The concept of fractals (mathematical structures that sometimes pop up in nature that are self-similar, which is to say if you look at them on any scale they will tend to roughly look the same, often constructed by taking a pattern, replacing each element with the original pattern, then replacing the tiny elements of those smaller patterns with the whole pattern, etc etc etc) has occasionally been applied to music but almost always through generating non-random sequences of notes or attempting to play the pictures fractals generate through various sonification techniques.
However, sound is just periodic variations in pressure. Music is organized sound, or to state it with consistent terminology, patterned variations of periodic variations in pressure. Timbre can also be said to be periodic variations the pitch of a sound (but at audio rates if you want to generate all possible timbres, otherwise known as FM synthesis), with the pitch of a sound being the rate at which it's varying.
So, it should be possible to create fractal Music, which is not only self-similar in it's structure of notes, but down to the timbre from note to note. By using self-similar patterns across all scales of time the waveforms will resemble the phrases will resemble the entirety of the piece. Variation could be made by varying the rules. You could also apply a different kind of rule (like variations in pressure or harmonic content rather than pitch).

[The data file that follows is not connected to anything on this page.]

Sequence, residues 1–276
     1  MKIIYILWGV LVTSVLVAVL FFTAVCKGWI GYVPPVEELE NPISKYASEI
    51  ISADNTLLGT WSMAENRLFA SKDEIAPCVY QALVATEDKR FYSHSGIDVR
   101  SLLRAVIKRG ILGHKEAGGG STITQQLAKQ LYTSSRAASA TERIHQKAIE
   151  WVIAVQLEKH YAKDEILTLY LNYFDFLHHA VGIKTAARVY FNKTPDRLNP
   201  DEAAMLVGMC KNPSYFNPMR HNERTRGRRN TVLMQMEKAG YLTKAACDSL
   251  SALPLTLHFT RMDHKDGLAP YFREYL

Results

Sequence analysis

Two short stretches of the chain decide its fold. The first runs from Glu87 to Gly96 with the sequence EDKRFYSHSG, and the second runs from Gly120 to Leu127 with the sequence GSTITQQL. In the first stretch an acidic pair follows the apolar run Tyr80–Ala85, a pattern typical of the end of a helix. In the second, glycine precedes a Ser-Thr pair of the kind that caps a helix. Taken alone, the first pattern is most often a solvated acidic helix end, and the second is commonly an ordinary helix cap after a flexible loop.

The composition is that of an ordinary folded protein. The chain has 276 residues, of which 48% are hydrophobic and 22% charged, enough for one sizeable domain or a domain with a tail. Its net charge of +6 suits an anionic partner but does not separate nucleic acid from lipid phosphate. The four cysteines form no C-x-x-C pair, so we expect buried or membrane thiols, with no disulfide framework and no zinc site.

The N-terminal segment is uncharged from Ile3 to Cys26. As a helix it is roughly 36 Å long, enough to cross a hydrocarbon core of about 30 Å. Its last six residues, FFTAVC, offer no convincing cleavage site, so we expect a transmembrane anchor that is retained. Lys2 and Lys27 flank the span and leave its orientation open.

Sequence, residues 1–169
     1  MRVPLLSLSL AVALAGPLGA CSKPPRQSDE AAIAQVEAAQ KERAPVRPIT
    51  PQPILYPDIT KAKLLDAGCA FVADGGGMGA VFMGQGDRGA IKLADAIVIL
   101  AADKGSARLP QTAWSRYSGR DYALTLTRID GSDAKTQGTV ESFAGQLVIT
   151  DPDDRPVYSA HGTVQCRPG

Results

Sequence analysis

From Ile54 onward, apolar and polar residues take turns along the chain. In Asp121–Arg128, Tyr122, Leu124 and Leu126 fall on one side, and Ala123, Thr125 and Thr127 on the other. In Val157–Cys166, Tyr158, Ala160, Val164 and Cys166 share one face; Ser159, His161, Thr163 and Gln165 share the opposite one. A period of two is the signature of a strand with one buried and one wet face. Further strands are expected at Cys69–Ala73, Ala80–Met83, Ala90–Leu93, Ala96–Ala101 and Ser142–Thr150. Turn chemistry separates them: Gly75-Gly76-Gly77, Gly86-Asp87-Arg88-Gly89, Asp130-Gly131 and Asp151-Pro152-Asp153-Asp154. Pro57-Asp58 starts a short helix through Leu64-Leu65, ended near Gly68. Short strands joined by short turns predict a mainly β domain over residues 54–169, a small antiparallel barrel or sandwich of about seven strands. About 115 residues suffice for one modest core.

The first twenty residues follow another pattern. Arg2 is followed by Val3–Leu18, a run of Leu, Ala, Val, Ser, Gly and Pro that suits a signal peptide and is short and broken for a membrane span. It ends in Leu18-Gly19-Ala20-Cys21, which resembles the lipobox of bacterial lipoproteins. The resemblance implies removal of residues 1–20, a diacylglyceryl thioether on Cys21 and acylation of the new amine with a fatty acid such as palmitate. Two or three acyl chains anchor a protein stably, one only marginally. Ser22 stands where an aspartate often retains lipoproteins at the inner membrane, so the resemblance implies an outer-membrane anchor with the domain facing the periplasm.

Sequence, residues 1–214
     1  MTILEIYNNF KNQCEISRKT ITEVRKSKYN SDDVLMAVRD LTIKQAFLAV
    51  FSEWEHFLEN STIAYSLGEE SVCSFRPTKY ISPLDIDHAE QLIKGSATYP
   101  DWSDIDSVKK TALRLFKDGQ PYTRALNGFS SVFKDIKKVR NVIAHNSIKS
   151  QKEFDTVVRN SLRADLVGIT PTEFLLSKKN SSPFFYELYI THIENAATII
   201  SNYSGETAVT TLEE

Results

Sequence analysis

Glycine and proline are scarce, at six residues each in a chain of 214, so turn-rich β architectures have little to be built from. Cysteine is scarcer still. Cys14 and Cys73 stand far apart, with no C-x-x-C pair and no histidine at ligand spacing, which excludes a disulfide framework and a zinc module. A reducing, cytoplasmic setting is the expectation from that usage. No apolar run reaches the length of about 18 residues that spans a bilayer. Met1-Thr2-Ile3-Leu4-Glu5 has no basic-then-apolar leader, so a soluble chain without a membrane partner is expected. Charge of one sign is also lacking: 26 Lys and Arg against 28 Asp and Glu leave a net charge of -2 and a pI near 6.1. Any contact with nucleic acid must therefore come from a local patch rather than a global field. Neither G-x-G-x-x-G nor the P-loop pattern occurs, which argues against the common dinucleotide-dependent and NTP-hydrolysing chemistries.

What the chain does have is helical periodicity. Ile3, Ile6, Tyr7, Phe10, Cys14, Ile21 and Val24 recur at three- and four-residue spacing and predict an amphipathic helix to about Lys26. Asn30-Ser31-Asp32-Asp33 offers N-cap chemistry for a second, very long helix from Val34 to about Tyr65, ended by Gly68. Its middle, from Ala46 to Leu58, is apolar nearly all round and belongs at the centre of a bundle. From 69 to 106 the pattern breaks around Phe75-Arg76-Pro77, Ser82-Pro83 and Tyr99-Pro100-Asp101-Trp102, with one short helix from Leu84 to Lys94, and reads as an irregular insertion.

Given a certain kind of rule or a rule with significant complexity the self-similarity could be obscured a bit, making it seem more organic or human. Another possibility to add richness would be to add chaos. Human input could alter the rules or jar the results in unpredictable ways. Sensor based input or semi-random systems could fight with the fractal patterns in an endless and varying battle between order and chaos, noise and music.
Whether the aesthetics are better when the system tends towards regularity, unity or chaos and where the balance is remains to be heard.
Also what all this would sound like remains unknown, at least until my programing work progresses more.